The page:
A few days ago, I read this article in Elephant Journal by an author whose distaste for the West’s cultural appropriation of yoga led to a decision to largely walk away from the yoga scene. The author points to the fact that, in many American yoga studios, classes are dominated by affluent white women who have little appreciation for the cultural and spiritual foundations of yoga.
I completely agree with that assertion. However, I feel that, as with so many areas of life, yoga is what we make of it. It is incredibly frustrating to watch the yuppies with their faces done up for a workout and their fancy Lululemon outfits trying to act spiritual in a yoga studio. But if we approach our own practices from a more authentic place – rather than being preoccupied with criticizing the others in the class – we can still benefit greatly.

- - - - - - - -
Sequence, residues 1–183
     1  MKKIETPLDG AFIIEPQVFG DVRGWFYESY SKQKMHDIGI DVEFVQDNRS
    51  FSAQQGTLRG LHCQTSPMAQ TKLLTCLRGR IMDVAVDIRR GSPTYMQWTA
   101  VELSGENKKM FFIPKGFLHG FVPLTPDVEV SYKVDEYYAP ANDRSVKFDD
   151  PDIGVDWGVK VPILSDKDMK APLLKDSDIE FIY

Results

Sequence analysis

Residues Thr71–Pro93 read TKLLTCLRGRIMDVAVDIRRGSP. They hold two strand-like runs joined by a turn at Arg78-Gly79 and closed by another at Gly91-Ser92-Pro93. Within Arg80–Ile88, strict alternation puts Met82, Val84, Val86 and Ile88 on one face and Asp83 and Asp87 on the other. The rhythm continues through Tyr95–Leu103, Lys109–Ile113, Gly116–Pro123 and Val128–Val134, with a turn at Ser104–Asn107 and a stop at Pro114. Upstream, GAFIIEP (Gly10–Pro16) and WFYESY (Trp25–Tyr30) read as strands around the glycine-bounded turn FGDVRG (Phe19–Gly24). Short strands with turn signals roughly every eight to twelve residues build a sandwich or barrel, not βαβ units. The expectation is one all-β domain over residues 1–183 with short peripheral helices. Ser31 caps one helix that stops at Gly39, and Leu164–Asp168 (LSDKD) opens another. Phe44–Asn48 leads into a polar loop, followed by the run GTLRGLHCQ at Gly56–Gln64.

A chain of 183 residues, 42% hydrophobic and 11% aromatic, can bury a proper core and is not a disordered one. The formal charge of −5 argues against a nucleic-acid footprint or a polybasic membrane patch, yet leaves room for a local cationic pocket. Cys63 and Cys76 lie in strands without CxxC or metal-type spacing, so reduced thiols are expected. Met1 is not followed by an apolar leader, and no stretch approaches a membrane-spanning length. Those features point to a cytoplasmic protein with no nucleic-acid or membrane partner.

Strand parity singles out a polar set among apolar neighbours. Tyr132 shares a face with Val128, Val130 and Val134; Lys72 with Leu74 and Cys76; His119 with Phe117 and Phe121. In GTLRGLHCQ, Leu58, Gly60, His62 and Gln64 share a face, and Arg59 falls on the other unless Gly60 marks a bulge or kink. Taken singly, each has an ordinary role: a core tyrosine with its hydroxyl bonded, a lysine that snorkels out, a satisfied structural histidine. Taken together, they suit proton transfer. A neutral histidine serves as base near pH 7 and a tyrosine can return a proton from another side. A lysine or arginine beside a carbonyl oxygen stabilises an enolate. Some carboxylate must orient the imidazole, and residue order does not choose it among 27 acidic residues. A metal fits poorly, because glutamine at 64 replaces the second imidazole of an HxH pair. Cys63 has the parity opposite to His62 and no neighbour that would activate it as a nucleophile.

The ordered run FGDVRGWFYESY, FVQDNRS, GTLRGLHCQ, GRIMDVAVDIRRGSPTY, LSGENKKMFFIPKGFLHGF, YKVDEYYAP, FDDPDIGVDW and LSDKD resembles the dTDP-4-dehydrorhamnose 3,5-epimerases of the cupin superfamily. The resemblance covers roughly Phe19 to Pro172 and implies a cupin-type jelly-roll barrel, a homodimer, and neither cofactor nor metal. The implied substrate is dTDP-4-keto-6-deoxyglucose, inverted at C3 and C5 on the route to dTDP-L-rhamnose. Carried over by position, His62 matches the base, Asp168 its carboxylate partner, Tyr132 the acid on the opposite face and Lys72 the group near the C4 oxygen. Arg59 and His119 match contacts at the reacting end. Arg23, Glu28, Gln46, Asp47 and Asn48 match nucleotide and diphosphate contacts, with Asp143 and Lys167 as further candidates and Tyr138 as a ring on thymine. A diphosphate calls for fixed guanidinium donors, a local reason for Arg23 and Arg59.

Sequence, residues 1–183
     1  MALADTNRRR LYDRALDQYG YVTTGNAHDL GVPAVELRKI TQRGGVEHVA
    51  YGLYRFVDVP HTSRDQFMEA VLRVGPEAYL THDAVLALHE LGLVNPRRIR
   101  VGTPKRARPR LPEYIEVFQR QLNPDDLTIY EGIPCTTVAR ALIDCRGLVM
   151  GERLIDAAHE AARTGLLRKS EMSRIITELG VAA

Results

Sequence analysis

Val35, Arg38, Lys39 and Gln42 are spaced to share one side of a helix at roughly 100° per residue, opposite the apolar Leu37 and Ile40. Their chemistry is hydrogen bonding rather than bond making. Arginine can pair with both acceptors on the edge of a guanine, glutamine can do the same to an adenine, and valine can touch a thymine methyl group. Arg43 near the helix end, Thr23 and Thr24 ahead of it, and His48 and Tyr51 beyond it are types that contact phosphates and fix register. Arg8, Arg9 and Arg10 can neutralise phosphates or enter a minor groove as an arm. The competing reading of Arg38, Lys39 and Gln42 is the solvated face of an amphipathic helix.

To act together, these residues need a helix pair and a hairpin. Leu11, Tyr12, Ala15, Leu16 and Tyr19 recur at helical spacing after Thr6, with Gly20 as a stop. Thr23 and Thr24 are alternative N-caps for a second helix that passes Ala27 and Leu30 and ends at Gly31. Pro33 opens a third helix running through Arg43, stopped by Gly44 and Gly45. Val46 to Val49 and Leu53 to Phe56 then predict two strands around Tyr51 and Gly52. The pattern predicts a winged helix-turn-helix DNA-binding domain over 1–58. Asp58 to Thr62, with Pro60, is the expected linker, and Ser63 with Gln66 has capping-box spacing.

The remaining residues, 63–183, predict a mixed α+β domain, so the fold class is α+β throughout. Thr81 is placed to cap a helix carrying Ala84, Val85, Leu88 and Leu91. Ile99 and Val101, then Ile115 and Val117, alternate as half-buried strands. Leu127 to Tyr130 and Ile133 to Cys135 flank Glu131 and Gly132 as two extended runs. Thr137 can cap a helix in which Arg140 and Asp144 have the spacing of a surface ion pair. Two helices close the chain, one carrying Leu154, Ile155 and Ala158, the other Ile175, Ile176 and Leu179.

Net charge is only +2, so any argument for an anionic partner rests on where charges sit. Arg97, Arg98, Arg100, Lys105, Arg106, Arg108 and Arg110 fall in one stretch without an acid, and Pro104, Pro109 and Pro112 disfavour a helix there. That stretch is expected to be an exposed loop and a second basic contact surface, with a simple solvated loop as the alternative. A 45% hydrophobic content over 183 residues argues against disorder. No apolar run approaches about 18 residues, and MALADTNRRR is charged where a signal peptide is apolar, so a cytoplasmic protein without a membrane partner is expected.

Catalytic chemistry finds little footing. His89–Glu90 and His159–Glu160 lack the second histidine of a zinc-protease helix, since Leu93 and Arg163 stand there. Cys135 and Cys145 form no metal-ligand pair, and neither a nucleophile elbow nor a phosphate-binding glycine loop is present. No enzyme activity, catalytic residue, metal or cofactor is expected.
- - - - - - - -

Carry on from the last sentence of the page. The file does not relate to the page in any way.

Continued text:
What’s more, there are many honest yoga studios around the nation that are trying to preserve the authenticity of yoga. Perhaps it is a matter of looking beyond the suburbs. In my experience, I’ve found that studios in more urban settings, where there is more cultural diversity, tend to be far less pretentious than their suburban counterparts. So what we take away from a yoga practice really depends just as much upon the attitudes with which we approach it, as it does upon the person on the next mat.